Having fewer adverse effects than synthetic chemicals or drugs, the use of traditional medicinal plants is still of great importance in healthcare. With this in mind, researchers from Palestine recently discovered the potential for some regional edible wild plants to be used in the treatment of diabetes.
By Mohammed Hawash
Herbal medicine is considered to be one of the most important and popular branches of traditional medicine and has been used by humans for thousands of years. Today, it is often used to complement conventional medical treatments or even as an independent alternative.
Research has shown that medicinal herbs can help in treating one of the most common chronic diseases worldwide: diabetes mellitus. Therapeutic agents that are currently available for diabetes include insulin and various oral anti-diabetic drugs, most of which have a number of harmful side effects. For this reason, the investigation into safer and more effective hypoglycemic (blood sugar-lowering) medications has become an essential area of research.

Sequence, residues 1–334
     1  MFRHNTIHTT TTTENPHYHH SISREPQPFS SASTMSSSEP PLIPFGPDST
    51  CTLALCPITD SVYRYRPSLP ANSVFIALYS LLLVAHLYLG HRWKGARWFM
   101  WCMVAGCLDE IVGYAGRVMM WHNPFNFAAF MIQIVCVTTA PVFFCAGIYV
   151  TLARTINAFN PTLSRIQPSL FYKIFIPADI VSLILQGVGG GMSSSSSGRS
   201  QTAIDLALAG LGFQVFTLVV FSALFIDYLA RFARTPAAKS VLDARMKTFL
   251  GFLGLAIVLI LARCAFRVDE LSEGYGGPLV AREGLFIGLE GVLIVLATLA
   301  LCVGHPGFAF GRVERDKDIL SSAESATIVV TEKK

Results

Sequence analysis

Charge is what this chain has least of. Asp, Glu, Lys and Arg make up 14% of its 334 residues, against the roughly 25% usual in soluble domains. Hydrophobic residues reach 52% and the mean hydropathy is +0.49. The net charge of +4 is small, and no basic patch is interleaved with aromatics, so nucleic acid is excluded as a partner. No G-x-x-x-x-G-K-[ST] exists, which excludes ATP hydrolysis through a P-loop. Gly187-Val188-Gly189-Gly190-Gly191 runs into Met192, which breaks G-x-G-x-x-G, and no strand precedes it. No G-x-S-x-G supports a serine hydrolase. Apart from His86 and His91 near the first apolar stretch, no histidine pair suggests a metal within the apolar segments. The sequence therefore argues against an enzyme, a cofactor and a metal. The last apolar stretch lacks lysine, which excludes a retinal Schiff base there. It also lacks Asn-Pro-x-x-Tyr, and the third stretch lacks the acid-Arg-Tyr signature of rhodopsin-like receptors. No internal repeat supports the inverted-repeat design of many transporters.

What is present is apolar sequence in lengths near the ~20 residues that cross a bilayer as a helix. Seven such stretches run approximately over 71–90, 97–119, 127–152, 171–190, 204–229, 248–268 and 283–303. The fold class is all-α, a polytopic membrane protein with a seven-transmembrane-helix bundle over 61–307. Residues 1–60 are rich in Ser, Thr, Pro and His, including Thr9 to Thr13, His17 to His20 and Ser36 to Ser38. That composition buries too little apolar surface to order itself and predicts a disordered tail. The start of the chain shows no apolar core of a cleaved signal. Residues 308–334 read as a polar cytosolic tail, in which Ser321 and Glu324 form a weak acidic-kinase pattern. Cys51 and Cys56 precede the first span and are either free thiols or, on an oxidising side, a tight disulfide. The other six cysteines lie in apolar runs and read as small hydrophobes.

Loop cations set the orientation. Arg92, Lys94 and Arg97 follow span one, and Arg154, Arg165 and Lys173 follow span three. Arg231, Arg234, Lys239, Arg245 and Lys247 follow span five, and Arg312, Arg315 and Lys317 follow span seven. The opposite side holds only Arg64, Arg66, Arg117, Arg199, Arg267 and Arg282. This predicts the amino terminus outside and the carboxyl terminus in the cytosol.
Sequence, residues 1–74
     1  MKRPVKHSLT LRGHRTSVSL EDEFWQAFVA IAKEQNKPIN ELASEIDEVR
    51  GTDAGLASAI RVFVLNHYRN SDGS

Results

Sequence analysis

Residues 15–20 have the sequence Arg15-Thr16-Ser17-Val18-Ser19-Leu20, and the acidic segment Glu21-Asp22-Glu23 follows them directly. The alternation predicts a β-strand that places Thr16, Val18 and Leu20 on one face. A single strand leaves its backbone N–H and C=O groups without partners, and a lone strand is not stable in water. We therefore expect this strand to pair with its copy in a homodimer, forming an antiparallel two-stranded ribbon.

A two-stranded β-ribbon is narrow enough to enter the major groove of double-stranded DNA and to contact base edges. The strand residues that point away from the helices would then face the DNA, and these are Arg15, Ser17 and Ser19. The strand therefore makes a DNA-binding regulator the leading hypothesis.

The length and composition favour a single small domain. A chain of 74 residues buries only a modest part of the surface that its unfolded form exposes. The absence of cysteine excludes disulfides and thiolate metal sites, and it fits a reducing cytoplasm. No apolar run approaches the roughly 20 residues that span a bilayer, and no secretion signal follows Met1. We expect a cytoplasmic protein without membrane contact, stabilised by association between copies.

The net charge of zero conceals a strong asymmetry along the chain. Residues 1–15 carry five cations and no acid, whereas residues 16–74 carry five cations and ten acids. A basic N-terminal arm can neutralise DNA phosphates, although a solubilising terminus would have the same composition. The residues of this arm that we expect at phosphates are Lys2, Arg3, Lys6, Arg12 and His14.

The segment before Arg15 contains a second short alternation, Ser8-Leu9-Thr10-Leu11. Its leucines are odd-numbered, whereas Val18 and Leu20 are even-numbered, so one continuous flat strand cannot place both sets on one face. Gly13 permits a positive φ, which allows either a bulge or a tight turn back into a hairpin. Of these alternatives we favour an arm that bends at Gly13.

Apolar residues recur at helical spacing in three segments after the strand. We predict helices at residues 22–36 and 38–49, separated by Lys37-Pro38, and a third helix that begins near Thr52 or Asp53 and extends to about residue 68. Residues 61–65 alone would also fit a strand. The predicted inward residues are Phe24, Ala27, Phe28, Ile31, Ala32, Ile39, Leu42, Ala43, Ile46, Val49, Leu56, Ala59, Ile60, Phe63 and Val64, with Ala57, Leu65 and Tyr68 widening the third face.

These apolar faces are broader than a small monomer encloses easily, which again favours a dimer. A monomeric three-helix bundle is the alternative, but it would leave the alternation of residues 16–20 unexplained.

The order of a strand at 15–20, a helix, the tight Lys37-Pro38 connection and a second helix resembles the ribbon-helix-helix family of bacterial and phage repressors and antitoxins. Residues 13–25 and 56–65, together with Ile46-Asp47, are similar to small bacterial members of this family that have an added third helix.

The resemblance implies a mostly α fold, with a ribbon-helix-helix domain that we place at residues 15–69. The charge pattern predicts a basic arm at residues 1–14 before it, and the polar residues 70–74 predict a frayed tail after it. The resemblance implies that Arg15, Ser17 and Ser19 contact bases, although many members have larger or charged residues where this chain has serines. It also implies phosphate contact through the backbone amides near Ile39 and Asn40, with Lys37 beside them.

A recent study, published in the Journal of Complementary and Integrative Medicine, aimed to evaluate the anti-diabetic activity of several traditional edible and medicinal wild plants from Palestine. To do so, researchers from An-Najah National University in Nablus analyzed seven species for their ability to inhibit the activity of alpha-amylase – a digestive enzyme that breaks down complex carbohydrates into smaller sugar molecules. Blocking the enzyme prevents the absorption of sugar and thus helps to maintain healthy blood glucose levels.
The researchers ultimately found the “black calla” (Arum palaestinum) as well as “Iberian knapweed” (Centaurea iberica) and Sisymbrium irio, also known as “London Rocket”, to display the highest anti-diabetic activity.
Dr. Mohammed Hawash commented on the findings: “These leaves have the potential to be used as efficient regular supplements”. According to the researchers, further investigations are now required to isolate pure pharmacological molecules and to design suitable pharmaceutical dosage forms.
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